CometPANSTARRS_11032013_settingOur first glimpse of C/2011 L4 (PANSTARRS) on 11/03/13. Can you spot it? Credit: Will Gater

Orion Trees Galloway ForestOn Monday night we ventured into the forest to see the dark skies there. Credit: Will Gater

ZodiacalLight ClatteringshawsLoch_March2013The zodiacal light was clear to see from near Clatteringshaws Loch. Credit: Will Gater

Leo_Trees_GallowayForestThe trees in the forest appear to stretch toward the constellation of Leo. Credit: Will Gater

Orion et al ClatteringshawsLoch_March2013Orion, Jupiter & the Hyades and Pleiades over Clatteringshaws Loch. Credit: Will Gater

MilkyWay_Trees_GallowayForestThe Milky Way peeking through the trees was an unforgettable sight. Credit: Will Gater

CometPANSTARRS_13032013_sunsetComet C/2011 L4 (PANSTARRS) was much easier to spot on 13/03/13. Credit: Will Gater

CometPANSTARRS_13032013_croppedMuch of the time watching the comet was spent waiting for cloud gaps. Credit: Will Gater

CometPANSTARRS_13032013_setting_croppedComet C/2011 L4 (PANSTARRS) over the hills of Galloway Forest Park. Credit: Will Gater

Earthshine_13032013The Earthshine-lit Moon, taken shortly after Comet PANSTARRS had set. Credit: Will Gater

Earthshine_13032013_wideClouds move past the Earthshine-lit Moon later on in the evening. Credit: Will Gater

LEDstreetlightA modern LED streetlight in the town of New Galloway. Credit: Will Gater

NewGallowayStreetlightingVery little light shines out the sides of the lights (great for astronomy). Credit: Will Gater

CometPANSTARRS_15032013_croppedOn our last night (15/03/2013) we spotted C/2011 L4 again… Credit: Will Gater

CometPANSTARRS_15032013_setting…but it soon set behind the distant hills. Credit: Will Gater

Live astrophotography from the Brecon Beacons

One Show presenter Lucy Siegle talks to Will live from the Brecon Beacons. Credit: BBC

I had great fun on Wednesday night in the Brecon Beacons filming a series of live segments about astrophotography for the BBC’s The One Show. The idea behind the evening was that I would help a group of twenty amateur photographers take their first images of the night sky before judging which was the best shot. When we arrived at the filming location the sky was filled with clouds, but as the Sun set the clouds thankfully dissipated and the photographers managed to capture their pictures (even despite some quite substantial haze).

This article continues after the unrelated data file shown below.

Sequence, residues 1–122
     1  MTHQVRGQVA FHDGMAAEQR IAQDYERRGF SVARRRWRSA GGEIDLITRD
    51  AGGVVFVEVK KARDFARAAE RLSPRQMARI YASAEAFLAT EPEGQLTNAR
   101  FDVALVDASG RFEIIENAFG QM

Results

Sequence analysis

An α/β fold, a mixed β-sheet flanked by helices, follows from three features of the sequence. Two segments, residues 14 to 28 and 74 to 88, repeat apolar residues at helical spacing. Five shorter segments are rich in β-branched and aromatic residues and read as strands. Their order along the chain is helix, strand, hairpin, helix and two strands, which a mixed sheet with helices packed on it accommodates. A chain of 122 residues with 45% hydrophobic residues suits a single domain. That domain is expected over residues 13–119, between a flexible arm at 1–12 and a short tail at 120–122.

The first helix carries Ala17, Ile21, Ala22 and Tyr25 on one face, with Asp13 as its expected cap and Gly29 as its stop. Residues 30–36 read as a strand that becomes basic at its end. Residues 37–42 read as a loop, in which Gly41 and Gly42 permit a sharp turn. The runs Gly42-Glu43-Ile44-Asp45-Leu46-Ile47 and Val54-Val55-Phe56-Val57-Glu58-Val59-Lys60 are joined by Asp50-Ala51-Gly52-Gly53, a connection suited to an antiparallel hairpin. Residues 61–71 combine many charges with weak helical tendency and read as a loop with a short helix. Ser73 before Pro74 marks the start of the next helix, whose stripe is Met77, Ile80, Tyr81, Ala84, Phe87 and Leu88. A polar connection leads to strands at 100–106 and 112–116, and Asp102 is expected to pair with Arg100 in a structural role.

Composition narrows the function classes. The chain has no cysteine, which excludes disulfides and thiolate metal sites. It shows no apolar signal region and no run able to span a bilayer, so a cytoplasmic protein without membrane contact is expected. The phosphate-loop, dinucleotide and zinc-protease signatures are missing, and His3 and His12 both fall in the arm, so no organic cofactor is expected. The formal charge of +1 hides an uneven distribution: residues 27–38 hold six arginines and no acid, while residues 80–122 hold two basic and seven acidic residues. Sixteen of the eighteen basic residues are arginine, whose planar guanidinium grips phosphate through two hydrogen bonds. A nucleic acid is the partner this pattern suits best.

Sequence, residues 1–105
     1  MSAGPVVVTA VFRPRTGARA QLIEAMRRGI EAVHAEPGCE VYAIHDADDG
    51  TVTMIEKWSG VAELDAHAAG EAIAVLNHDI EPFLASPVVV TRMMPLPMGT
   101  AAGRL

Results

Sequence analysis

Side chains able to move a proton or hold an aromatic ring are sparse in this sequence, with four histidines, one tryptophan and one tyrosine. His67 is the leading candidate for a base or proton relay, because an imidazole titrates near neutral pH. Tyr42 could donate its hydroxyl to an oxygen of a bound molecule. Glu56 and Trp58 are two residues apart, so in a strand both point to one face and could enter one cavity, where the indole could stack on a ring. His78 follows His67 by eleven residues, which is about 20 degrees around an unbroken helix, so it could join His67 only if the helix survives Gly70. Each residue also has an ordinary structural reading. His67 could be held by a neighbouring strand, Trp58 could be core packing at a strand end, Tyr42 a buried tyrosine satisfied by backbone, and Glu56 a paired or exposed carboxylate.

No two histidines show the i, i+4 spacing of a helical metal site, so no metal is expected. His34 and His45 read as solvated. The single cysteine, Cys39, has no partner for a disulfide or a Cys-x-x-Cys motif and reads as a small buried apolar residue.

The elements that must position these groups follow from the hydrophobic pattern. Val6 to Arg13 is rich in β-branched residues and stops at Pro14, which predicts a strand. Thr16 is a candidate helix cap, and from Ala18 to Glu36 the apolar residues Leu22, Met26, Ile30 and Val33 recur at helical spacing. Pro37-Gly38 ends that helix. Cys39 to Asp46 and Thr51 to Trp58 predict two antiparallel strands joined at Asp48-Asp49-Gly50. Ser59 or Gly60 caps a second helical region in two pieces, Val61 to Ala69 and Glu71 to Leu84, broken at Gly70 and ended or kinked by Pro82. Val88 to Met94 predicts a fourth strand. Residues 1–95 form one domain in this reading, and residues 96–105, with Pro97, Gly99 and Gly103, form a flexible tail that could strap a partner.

If you missed the programme, and are in the UK, you’ve got a few days left to catch it on the BBC’s iPlayer; the astrophotography bits can be found here, here and here. And if you’ve captured an astro image lately that you’re particularly pleased with, don’t forget to send it into the 2013 Astronomy Photographer of the Year competition, which is now open for entries.

Marvelling at the mountains on the Moon

Over the last few nights we’ve had some clear skies and good seeing conditions here in the southwest of the UK. On Monday night I spent 3 hours capturing a 50 pane mosaic of the whole of the visible portion of the Moon while last night I decided to focus on the wonderfully rugged region around the lunar Alps and the crater Plato.

Both images are shown below – do click on them to see the full size versions, especially the whole-phase mosaic. They were captured with a Meade 8-inch LX200R Schmidt-Cassegrain telescope and an Imaging Source DMK21AU618.AS CCD camera; the Plato/lunar Alps image is a mosaic of 17 panes made using an additional 2x Barlow lens.

50 pane mosaic of the Moon on 18 February 2013. Credit: Will Gater

Crater Plato and the lunar Alps on 19 February 2013. Credit: Will Gater